S18 - Lone Working
Many people routinely work by themselves, or at a location some distance away from direct supervision. There will be many occasions where people are working early or late in offices, factories or other places of work. It may not be practicable for the employer to implement a general rule that people must not work alone.
There are bound to be occasions where lone working is unavoidable. Someone has to be the first or last person to arrive or depart at the start and end of the working day.
This procedure will help you determine what tasks are allowed to be completed when employees work alone. It gives guidance on what to consider when undertaking a risk assessment and guidance on possible control measures.
What is this?
This is a written procedure which covers the risks and controls associated with lone working. A PDF of the procedure is available to download (see attached), please use it in conjunction with the attached Toolbox Talk.
What is a lone worker?
A lone worker is someone who works by himself without direct or close supervision and can be found within various situations:
People in fixed establishments where:
- Only one person works on the premises;
- They work in separate departments/areas of the premises; and
- Work is undertaken outside normal working hours.
People who are mobile and work away from their fixed base:
- Travelling across an area/region by any mode of transport.
What does the responsible manager need to do?
The responsible manager must:
- Through a risk assessment, identify all lone working activities that may pose a risk to a person’s health and safety;
- Consult with employees and their representatives on the findings of the risk assessment and the potential consequences; and
- Implement suitable control measures to minimize the risk to someone identified as a lone worker.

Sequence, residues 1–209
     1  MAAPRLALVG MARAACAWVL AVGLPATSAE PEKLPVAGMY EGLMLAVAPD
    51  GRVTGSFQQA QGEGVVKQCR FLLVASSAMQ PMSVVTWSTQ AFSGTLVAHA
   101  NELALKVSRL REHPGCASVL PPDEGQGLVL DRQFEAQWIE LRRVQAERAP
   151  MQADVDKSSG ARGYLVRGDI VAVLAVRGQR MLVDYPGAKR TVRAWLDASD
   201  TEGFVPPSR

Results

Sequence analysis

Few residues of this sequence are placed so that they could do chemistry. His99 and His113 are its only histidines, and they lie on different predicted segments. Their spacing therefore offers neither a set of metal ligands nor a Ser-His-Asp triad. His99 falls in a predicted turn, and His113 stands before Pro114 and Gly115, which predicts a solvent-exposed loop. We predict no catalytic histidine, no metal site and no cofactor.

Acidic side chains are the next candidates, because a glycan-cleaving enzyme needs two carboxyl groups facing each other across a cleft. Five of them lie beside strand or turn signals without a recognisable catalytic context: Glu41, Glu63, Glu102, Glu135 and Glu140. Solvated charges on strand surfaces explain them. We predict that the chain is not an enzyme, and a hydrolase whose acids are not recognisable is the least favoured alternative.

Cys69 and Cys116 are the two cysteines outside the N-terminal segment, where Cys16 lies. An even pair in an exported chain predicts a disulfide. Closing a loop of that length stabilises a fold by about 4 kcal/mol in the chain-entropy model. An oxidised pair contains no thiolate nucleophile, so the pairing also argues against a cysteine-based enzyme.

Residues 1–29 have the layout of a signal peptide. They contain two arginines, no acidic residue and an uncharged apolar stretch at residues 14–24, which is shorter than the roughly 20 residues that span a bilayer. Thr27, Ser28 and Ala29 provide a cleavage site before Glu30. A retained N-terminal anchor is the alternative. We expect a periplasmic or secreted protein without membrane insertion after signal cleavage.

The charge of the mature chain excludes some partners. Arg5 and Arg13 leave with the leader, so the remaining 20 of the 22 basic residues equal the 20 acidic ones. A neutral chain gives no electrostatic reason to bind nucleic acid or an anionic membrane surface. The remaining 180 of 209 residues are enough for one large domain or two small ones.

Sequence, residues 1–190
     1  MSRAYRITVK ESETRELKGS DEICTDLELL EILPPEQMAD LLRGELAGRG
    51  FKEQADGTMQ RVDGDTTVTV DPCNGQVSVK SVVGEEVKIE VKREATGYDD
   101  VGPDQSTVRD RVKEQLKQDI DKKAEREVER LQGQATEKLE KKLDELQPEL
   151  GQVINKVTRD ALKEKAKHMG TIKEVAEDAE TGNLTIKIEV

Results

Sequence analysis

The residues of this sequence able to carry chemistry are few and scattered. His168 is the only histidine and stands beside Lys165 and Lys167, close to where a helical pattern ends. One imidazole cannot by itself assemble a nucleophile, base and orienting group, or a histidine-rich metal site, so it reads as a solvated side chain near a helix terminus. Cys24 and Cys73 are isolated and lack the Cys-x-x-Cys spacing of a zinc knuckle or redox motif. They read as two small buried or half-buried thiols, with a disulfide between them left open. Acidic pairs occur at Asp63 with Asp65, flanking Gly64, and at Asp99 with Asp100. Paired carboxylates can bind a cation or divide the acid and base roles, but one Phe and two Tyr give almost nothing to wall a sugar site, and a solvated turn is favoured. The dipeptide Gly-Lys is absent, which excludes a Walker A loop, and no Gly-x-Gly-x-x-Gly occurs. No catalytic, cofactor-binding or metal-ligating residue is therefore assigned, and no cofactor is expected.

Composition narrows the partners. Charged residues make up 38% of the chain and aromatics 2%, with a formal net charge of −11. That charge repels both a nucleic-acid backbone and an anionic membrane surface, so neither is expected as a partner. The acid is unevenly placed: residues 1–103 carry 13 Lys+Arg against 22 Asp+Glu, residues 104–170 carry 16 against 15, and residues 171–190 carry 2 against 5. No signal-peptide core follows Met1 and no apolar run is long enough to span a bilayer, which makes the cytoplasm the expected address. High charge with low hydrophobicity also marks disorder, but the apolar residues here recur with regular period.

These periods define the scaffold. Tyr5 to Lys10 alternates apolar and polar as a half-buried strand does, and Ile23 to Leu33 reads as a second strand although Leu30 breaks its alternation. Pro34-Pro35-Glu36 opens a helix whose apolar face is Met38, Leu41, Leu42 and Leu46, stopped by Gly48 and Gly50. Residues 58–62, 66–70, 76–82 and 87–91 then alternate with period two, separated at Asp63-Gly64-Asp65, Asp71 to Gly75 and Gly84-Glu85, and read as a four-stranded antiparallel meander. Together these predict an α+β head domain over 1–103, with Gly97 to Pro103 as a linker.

Items to consider when undertaking a risk assessment:
- Can the risks of the job be adequately controlled by one person?
- Does the workplace pose a significant risk to the lone worker?
- Can the person have good access and egress from the workplace?
- Is there a risk of non-consensual violence?
- Are women or young persons especially at risk from lone working?
- Is the person medically fit and able to work alone?
- Has the right training and information been issued to the lone worker?
- Is supervision required?
- How will the person raise the alarm in an emergency?
Control measures that may be implemented for lone working:
- Eliminate the need for lone working and ensure that at least two people are available at any one time.
- Reduce the amount of time that a person has to spend working alone.
- If possible, ensure that the person is protected by restricting the areas he/she works in, therefore isolating his/her exposure to potential risks.
- Provide an emergency panic alarm within the workplace for the lone worker which is directed to the emergency services.
- Provide an individual alarm for persons who are mobile.
- Issue lone workers with suitable communication devices (i.e. radios and mobile phones).
- Issue lone workers with immobility alarms that are linked to an external monitoring process.
- Provide periodic supervision whereby a second person visits the site at regular intervals.
- Develop a lone working procedure for employees and contractors to follow.
- Management of Health and Safety Regulations 1999
This workplace procedure forms part of a Health & Safety Risk Management System for employers in the quarrying industry. The procedures, which cover a wide range of workplace risks and hazards, can be viewed here